Elon Musk gets all the attention, but the cars should

Andrew GreinerHead of Content for US
May 23, 2019, 7:00 PM GMT+0

Elon Musk creates a lot of press for Tesla, the electric car company he helms.

That news isn’t always great. Look at his recent spat with the Securities and Exchange Commission. Musk spent months fighting with the organization over his social media use. It cost him his position as chairman, and now, it cost him his Twitter freedom.

On April 26, Musk cut a new deal with the SEC to ensure that his tweets about the company would be approved by lawyers. At the same time, YouGov’s BrandIndex tracked a decline in Tesla’s Buzz score, a measure of whether you’ve heard something positive or negative about a company.

Further analysis shows that negative sentiment about Tesla is on the rise, while positive sentiment is flagging slightly.

So it goes for Musk and Tesla. He’s undeniably famous (the 92nd most famous public figure according to YouGov Rankings.) But his fame often comes at the expense of the companies he runs, which include Tesla and SpaceX, a privately held rocket company.

But Musk must be doing something right because a whole suite of other YouGov metrics about Tesla are looking good.

Scores for Quality, Consideration (which measures whether you think this is a brand you’d buy), and Satisfaction are holding steady. Others, like Purchase Intent and Reputation (which measures whether you’d be proud to work for a company) appear to be edging up.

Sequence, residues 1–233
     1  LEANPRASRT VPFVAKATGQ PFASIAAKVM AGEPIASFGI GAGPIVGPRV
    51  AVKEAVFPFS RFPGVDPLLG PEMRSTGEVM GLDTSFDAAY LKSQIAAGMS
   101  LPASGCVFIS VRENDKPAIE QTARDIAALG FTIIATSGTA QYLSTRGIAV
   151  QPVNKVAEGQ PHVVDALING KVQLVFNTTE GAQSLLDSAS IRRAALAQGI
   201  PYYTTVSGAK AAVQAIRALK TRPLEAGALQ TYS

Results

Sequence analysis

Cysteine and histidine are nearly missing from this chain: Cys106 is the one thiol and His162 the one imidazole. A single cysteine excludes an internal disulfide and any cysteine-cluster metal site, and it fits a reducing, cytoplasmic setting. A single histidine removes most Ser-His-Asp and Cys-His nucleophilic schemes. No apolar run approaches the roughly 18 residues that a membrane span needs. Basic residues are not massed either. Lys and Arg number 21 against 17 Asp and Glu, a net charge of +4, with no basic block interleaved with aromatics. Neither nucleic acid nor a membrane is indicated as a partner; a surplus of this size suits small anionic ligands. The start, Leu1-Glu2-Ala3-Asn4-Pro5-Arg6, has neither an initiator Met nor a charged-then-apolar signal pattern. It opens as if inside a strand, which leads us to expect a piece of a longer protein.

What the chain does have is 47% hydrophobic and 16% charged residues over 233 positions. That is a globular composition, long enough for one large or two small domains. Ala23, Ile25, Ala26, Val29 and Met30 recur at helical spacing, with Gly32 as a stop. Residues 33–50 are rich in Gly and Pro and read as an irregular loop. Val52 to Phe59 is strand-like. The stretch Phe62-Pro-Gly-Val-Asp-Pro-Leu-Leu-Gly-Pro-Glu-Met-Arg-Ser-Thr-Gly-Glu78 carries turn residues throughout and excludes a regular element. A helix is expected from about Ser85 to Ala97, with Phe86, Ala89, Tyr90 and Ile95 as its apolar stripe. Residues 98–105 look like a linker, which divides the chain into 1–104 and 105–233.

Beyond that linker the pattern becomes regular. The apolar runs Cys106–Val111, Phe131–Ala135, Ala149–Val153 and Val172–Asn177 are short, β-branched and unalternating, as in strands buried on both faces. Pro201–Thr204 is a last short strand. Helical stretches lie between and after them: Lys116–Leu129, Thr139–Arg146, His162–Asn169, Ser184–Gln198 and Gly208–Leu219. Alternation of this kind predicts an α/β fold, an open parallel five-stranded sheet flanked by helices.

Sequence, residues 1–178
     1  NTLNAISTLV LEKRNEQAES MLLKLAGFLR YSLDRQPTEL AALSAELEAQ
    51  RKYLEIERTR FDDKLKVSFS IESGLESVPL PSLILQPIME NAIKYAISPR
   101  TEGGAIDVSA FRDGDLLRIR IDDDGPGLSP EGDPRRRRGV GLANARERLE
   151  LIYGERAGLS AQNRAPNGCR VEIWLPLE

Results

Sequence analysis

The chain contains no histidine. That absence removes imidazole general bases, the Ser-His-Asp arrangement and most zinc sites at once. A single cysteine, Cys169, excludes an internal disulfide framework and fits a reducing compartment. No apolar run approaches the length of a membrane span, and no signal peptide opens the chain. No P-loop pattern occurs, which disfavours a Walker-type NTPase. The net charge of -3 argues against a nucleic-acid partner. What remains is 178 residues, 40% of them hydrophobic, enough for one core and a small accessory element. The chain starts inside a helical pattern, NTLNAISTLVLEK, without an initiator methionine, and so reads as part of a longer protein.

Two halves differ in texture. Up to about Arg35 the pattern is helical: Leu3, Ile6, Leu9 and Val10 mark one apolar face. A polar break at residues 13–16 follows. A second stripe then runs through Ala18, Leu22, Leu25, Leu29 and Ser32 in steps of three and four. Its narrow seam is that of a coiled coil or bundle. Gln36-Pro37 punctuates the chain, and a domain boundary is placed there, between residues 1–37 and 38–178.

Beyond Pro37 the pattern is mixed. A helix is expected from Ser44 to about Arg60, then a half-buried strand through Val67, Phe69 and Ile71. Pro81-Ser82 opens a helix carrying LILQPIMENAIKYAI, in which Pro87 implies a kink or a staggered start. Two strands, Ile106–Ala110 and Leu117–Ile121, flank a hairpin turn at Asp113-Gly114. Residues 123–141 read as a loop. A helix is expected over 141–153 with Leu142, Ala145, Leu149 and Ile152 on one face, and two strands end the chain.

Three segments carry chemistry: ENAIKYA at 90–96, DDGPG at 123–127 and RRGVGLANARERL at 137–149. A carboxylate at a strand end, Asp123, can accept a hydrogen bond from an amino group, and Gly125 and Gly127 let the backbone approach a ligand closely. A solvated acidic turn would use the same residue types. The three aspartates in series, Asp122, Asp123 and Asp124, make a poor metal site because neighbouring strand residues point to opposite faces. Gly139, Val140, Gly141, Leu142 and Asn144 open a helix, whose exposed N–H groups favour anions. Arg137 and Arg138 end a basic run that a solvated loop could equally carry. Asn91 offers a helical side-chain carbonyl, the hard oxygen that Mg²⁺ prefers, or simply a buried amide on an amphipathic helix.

In fact, YouGov’s Plan & Track data shows that about 6% of the public, and the same percentage of individuals in the market to buy a car, would consider purchasing a Tesla.

That number hasn’t changed since a previous spate of bad news hit the company between March and September of 2018 and similarly dragged down Tesla’s Buzz score.

That data suggests that Tesla vehicles are viewed favorably by the public, even if the company’s CEO isn’t always viewed that way.

The company should be more concerned about sentiment around its vehicles than around its leader.

Stories about Teslas catching fire or crashing while in so-called “auto-pilot” mode could have a much bigger impact on the company’s health than the tweets from its CEO. Some of those types of stories have been bubbling into news headlines recently, but don’t appear to have had a meaningful effect on metrics tracked by YouGov.

Related: Tesla begins to recover from Elon Musk controversies and deadly autopilot crash

Image: Getty

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